Chitosan is a glucose amine polymer. The chemical structure of chitosan has a repeating structural unit that is represented by Formula (I) as follows: ##STR1## where n is greater than 3.
The chitosan starting material can theoretically be substituted or unsubstituted at the ring hydroxy moiety or the hydroxy methyl moiety. These substituents may represent ethers, esters, carbamates, or other types. The important feature is that the chitosan has a majority of free, primary amine groups along its polymeric backbone to form ionic complexes with the dicarboxylic acids or acid anhydrides thereof. Preferably the chitosan has a weight-average molecular weight (Mw) ranging from about 104 to about 106 ; although the molecular weight may be varied depending on the ultimate use envisaged for the crosslinked chitosan product.
The chitosan starting materials can be porous or nonporous, and have a geometrical shape that can be regular or irregular, depending at least in part on the ultimate usage of the support material envisaged.
"For example, the chitosan support material may be in the form of spherical beads, films, and fibers. In the case of a porous chitosan starting material, the amine groups along its polymeric backbone on internal and external surfaces of the starting material should be available for reaction to form ionic complexes on the inside and outside of the starting material."
For the sake of convenience and illustration, the description herein will occasionally refer to the chitosan support material in the context of beads, although it is to be understood that the invention is not necessarily limited to that configuration.
The solid chitosan starting material is dissolved in a weak organic acid, such as 1 to 5 wt. % acetic acid, formic acid, and the like, to provide a chitosan solution. Bead form chitosan hydrogels are formed from the chitosan solution by atomizing the solution of chitosan in aqueous alkali (e.g., 0.1 to 2.0N sodium hydroxide solution). The hydrogel beads formed are decanted, filtered, washed and stored in distilled water for subsequent treatment. The dissolved chitosan starting material, in hydrogel form, is solvent-exchanged with a non-aqueous liquid solvent to displace water from the chitosan support material (e.g., beads) and create anhydrous conditions within the support material (e.g., beads). Suitable non-aqueous solvents for this purpose include alcohols (e.g., isopropyl alcohol), acetone, dioxane, chloroform, benzene, tetra-hydrofuran, toluene, and xylene. This solvent-exchange procedure is performed prior to performing any optional functionalization step and the required crosslinking step of the invention. The presence of water, especially as a medium, is undesired during the amidification reaction as it slows down the reaction and lowers the degree of crosslinking attained. Trace amounts of water left as residue in the solvent-exchanged beads seldom raise this problem. However, if residual traces of water in the solvent-exchanged beads interfere with crosslinking (such as indicated by alkali solubility in the final product), the traces of water can be more rigorously removed and excluded by taking precautions such as employing freshly cut potassium or sodium metal as a dessicant in the non-aqueous solvent being used to replace the water. Also, moisture indicators, such as benzophenone, optionally can be used to assist in determining conditions sufficiently anhydrous for reactions to proceed expediently and efficiently.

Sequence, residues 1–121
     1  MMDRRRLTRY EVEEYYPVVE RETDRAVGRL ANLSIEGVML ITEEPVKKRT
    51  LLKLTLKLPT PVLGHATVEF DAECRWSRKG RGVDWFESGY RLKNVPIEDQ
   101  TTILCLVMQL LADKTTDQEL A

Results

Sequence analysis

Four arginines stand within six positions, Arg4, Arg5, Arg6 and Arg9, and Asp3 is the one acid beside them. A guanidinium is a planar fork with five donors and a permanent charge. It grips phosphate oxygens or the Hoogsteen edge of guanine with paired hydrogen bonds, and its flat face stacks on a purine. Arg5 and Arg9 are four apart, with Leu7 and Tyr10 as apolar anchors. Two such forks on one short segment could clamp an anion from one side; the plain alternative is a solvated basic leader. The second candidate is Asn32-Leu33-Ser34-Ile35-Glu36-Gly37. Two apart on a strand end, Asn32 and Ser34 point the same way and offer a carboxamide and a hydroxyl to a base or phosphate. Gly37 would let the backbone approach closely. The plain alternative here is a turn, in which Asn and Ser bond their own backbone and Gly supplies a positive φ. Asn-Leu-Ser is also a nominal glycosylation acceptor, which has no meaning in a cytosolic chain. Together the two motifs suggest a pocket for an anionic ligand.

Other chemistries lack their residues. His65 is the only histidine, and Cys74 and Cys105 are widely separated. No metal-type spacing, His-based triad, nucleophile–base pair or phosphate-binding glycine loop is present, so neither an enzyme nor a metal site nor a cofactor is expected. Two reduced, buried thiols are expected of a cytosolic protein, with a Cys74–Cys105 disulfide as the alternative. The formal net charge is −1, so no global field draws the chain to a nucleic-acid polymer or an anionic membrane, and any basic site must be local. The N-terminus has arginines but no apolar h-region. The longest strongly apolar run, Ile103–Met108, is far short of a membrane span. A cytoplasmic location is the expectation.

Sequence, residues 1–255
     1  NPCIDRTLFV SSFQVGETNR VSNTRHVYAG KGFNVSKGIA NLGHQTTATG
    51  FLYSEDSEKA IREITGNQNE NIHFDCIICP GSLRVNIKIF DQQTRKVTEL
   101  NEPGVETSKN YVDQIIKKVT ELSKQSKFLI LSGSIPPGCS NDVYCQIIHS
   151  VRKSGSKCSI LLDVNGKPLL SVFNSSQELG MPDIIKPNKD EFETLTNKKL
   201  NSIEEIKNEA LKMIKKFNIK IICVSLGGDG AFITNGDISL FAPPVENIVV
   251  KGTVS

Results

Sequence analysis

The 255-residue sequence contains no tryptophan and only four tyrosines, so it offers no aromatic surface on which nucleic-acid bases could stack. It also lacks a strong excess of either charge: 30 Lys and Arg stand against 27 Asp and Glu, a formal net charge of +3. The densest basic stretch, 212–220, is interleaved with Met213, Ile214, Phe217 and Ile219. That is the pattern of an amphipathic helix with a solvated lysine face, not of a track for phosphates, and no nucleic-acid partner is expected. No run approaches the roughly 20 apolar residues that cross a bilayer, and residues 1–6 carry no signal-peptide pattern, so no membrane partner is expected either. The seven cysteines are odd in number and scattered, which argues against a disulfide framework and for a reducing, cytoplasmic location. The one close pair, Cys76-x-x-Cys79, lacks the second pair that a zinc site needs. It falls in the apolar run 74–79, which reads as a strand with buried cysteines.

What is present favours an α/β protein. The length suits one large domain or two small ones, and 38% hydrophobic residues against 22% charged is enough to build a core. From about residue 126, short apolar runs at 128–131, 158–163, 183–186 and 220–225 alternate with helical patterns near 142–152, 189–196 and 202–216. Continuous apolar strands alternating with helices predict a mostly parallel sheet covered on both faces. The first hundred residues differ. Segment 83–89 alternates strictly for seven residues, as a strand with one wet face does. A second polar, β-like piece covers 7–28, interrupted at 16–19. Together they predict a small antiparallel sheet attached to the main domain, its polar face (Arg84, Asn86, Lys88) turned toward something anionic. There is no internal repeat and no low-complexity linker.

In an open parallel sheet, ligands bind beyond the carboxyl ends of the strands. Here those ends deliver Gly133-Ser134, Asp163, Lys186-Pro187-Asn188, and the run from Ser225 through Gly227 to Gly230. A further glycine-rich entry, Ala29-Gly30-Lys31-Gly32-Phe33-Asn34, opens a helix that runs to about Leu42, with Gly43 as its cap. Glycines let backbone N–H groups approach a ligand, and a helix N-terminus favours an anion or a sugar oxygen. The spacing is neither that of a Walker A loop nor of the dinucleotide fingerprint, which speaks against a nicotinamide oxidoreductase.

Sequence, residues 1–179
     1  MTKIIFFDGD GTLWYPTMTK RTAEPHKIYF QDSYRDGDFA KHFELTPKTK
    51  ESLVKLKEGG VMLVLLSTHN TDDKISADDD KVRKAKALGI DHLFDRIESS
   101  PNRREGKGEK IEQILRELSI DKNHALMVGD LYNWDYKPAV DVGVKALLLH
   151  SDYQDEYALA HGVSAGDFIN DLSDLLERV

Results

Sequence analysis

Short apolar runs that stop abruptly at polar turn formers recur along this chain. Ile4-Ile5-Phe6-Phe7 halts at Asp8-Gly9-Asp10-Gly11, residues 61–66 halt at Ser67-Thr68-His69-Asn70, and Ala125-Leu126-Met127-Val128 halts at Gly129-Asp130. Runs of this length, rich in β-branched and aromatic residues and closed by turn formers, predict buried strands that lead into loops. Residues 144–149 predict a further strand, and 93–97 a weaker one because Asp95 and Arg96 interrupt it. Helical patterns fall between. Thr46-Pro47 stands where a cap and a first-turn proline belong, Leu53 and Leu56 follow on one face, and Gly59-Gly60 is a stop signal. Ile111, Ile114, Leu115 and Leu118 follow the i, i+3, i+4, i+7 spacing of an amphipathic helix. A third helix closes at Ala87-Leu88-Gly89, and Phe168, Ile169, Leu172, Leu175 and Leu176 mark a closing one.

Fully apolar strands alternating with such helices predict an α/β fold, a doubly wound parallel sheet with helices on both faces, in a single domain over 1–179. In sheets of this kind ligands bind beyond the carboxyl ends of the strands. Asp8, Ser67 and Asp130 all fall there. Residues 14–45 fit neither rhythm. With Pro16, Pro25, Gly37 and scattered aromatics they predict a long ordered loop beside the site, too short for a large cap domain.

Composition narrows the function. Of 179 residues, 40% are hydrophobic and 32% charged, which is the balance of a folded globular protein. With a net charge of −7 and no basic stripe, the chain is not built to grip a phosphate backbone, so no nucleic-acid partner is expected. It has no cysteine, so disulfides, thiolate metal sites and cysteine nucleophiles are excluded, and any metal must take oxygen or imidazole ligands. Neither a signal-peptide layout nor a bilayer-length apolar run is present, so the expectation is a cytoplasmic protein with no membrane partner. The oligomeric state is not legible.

Also, the practice of this invention preferably involves usage of "never-dried" hydrogel beads from chitosan through the course of the inventive method(s). The terminology "never-dried", as used herein, means beads which have the bead and pore size of beads which have not been subjected to water removal (dehydration) or organic solvent removal to leave the beads devoid of liquid solvent, whether aqueous or non-aqueous, at any given time before or during processing to permit drying thereof. Drying of the beads is undesired as it causes shrinkage and thus size reduction in the beads, which effect is not completely reversible upon rehydration or upon combination with a polar organic solvent.
In any event, once solvent-exchanged, the chitosan material is combined with a dicarboxylic acid or acid anhydride thereof to form a chitosonium ion complex that is water soluble. Although not part of the present invention, the chitosonium ion complex, prior to being heated, will behave in a manner similar to gum or ionic starch if dissolved in water.
When the chitosan starting material and the dicarboxylic acid or acid anhydride thereof are combined, they interact at the primary amine of the chitosan starting material to produce a chitosonium ion complex. For example, in the case of maleic anhydride being combined with chitosan, chitosonium maleate is formed. The chitosan/dicarboxylic acid complex is water-soluble at a pH above 8.
Once the chitosonium ion complex is formed, heat is applied to induce amidification of chitosonium ion complex to form an intermediate product. The intermediate product is schematically shown as the product of step 1 in Reaction Scheme 1 depicted in FIG. 1. Reaction Scheme 1 is a schematic representation of the reaction of chitosan with anhydrides. Step 1 is fast, and Step 2 requires the presence of polymerizable (i.e., double) bonds that react faster than Step 2b. Step 2a and 2b-reactions are promoted by the size of the anhydride cycle and by water removal.